Barrier insulation is insulation that is placed under concrete foundations or under a slab that is used to protect the home or building. In most cases, insulation is meant to help prevent heat loss or heat intrusion, depending on the season. That is a common use for barrier insulation as well. However, it can also serve a secondary purpose as a moisture barrier.
As with any type of insulation, barrier insulation must protect from outside elements in order to make the home as efficient as possible. Traditionally, the underside of a home or building has not been insulated against the elements. However, as more emphasis is placed on total home efficiency, the underside has become more of an area of concern.
The reason why under-slab insulation may be so important is due to the ground temperature in many parts of the world. For example, in the United States, ground temperatures average, throughout the entire year, approximately 55 degrees Fahrenheit (11 Celsius). Even in warmer climates, there may be times when the soil cools enough to create sufficient heat loss during certain times of the year.
Insulating under a foundation, while not the highest priority of areas to insulate in a home, can be a wise choice. Nearly a third of all air leaks in a home are through the flooring, walls and ceiling. Thus, barrier insulation can be an effective part of an overall home insulation strategy, but should, by no means, be considered the only part of a home protection strategy.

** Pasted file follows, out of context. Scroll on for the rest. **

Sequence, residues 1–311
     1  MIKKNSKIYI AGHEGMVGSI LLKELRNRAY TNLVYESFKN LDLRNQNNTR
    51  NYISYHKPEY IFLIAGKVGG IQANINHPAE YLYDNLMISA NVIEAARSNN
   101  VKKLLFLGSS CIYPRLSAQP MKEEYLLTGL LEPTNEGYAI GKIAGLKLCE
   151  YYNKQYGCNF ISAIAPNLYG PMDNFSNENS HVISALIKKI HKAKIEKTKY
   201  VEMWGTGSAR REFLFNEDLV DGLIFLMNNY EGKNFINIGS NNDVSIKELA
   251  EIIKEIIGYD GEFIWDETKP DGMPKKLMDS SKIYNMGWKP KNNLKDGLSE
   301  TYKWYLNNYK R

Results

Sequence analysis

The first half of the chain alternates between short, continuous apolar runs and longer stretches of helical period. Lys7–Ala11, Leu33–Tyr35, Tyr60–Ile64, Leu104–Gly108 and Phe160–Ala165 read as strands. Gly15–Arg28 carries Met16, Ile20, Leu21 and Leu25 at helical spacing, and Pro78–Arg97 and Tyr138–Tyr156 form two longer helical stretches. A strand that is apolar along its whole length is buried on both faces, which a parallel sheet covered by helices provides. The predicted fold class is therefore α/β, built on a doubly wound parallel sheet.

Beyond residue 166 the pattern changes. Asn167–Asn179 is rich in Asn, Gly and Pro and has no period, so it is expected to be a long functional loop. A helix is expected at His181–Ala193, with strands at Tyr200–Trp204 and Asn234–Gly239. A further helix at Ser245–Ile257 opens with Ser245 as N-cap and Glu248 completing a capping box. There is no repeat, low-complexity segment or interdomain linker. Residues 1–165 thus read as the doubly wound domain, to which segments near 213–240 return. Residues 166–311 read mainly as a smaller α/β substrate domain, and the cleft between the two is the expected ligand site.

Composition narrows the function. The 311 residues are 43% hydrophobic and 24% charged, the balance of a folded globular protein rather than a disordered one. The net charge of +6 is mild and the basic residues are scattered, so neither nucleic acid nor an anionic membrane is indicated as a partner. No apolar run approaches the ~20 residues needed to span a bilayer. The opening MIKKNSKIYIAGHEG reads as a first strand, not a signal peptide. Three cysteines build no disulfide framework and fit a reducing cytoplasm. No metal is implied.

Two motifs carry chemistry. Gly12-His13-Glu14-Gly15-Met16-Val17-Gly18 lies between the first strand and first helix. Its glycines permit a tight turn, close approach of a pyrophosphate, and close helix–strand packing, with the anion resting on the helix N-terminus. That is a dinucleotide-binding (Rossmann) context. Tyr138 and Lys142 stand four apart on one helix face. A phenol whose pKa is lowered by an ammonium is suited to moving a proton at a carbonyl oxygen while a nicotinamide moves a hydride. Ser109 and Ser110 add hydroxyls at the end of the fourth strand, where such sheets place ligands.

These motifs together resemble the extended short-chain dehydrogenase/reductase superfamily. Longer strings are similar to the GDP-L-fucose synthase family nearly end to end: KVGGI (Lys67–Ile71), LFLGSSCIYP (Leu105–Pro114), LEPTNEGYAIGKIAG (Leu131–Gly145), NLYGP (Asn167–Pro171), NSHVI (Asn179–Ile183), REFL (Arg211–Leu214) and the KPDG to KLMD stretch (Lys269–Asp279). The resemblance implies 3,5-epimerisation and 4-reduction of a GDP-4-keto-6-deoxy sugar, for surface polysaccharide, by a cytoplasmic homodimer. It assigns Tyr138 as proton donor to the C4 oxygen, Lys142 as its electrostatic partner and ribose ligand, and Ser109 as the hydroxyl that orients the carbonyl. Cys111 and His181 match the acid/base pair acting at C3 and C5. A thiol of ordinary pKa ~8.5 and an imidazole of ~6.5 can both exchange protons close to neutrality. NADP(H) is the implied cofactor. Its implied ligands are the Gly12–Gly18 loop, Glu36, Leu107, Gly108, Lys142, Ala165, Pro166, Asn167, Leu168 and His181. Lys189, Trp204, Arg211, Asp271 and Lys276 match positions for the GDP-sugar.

While it may be possible to use barrier insulation in an existing home, the most practical time to apply it is during new construction. This way, the barrier insulation can be laid before the foundation is completed. In homes with a raised foundation, it may be considerably easier to install barrier insulation. Of course, that depends on how accessible the underside of the home is through the crawl space.
Barrier insulation is made using a couple of different materials. The core of the insulation is polystyrene. The outer area consists of a thin, laminated film of polyethylene making up the remainder of the material. It is usually applied in rolls, much like some forms of attic insulation.
Given its material composition, barrier insulation also provides an effective barrier for moisture. This can help, especially in homes with wood flooring, which may become warped with moisture over time. While this may not increase the home's efficiency significantly, it can help reduce or delay costly maintenance projects.